KANSAS CITY, Mo. - Fire crews responded to a large pipeline explosion in Platte County Tuesday evening.
Flames were visible from I-29 and Northwest 112th Street. The line was carrying liquid propane and was buried under a field. It's owned by Louisiana-based Enterprise Products Partners.
There are no reports of injuries.
Thousands of people are believed to have spotted the massive flames. Many who saw it described the blaze that lit up the sky.
"It was the biggest fire I'd ever seen," said Kevin Everett.
Despite the size of the fire, nearby residents said they didn't feel anything when the pipeline exploded.
"You know you kind of worry about the integrity of the pipeline and where it goes through but you've got to trust that the people that built it built it safely," said Twila Everett.
It's unknown what caused the pipeline to rupture. Officials say it's a 10-inch pipe carrying liquid propane.
The fire burned itself out in two hours. The pipeline company turned off the pressure to avoid any flare-ups.
Enterprise Products Partners L.P. released the following statement on Wednesday:
"Once the residual product is out of the line, company personnel can begin the process of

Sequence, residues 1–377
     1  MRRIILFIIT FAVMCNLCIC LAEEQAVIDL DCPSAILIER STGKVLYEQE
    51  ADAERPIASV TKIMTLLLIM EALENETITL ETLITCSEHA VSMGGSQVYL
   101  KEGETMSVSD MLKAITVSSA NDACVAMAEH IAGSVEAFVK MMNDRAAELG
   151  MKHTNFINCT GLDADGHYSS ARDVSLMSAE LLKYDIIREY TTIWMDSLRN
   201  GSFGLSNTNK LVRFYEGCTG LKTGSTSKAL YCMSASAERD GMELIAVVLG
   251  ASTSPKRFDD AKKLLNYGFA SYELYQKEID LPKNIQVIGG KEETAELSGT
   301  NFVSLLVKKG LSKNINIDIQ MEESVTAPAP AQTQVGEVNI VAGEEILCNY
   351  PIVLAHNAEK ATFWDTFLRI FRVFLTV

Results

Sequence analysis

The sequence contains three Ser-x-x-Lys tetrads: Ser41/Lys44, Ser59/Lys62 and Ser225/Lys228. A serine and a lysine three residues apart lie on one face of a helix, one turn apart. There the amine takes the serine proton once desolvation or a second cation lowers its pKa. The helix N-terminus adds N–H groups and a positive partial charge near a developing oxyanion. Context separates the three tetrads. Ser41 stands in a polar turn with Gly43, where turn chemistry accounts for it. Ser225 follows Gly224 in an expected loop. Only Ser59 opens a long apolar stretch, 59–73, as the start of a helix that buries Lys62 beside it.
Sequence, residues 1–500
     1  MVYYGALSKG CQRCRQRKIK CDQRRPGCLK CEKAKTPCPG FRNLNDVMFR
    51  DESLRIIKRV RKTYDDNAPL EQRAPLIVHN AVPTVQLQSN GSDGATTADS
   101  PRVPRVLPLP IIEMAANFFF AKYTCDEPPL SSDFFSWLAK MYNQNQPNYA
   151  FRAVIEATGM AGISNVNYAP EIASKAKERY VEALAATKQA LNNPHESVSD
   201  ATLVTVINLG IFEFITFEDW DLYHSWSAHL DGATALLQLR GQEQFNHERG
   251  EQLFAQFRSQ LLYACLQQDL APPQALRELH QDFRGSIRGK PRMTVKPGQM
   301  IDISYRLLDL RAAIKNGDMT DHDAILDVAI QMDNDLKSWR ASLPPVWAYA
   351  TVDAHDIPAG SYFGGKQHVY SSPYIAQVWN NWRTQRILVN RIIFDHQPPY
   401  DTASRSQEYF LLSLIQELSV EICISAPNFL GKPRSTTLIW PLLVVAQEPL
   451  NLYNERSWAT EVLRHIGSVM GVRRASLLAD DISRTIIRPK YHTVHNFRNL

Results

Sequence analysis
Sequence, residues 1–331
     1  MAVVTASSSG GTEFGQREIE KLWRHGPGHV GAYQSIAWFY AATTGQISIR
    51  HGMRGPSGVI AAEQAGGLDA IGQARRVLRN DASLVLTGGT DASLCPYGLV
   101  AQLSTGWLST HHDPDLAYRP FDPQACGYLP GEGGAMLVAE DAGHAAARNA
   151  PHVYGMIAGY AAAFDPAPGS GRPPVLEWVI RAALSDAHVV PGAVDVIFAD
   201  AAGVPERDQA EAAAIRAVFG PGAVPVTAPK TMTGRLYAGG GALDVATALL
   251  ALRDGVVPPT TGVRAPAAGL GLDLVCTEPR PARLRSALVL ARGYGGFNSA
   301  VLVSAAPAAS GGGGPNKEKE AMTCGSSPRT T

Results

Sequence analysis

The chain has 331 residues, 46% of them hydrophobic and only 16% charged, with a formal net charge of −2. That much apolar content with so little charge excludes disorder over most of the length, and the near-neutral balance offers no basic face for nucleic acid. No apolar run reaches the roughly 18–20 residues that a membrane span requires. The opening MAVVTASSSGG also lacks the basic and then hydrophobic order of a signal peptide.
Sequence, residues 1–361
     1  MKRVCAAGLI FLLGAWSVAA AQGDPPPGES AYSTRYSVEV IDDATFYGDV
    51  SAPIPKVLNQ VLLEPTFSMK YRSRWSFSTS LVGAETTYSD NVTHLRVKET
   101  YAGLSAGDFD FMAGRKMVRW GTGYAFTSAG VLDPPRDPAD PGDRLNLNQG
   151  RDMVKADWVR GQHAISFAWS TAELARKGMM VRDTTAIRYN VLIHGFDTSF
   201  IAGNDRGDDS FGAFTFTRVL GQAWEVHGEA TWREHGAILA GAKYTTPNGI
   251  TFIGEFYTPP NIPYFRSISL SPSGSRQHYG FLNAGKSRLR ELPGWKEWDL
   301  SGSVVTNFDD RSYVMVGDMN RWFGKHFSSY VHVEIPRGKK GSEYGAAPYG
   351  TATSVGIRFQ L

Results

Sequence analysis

evaluating and repairing the pipeline. Field crews continue to work with local authorities to
keep the area secure and the company has notified the appropriate regulatory agencies. The cause of the incident is under investigation."
More about the pipeline
According to Enterprise Products Partners LP, which operates the pipeline, the line is underground and built mostly in rural areas. The pipeline originates in Conway, Kansas and extends to parts of Iowa and Illinois.
41 Action News confirmed parts of the pipeline do run through towns, such as Kearney where there is a propane terminal.
“Obviously when you have an incident like this it creates some concerns about pipelines. When you consider the large amounts of products that are transported on these pipelines every day, they’re the safest way to transport energy products. Without pipelines, more trucks and more trains would be traveling through cities,” said Rick Rainey, vice president of public relations for Enterprise.
According to Rainey, pipelines cannot legally go under buildings or businesses. However, it is “not uncommon” for development to go up around it at a later date. If that happens, Rainey said the pipeline has to be restructured with added safe guards.
Because Enterprise is responsible for the integrity of the pipeline, Rainey said the company flies the line every two weeks and has workers who walk the line everyday. In addition, the company tests the pipeline internally to gather data such as wall thickness, how round the pipe is and if there is corrosion.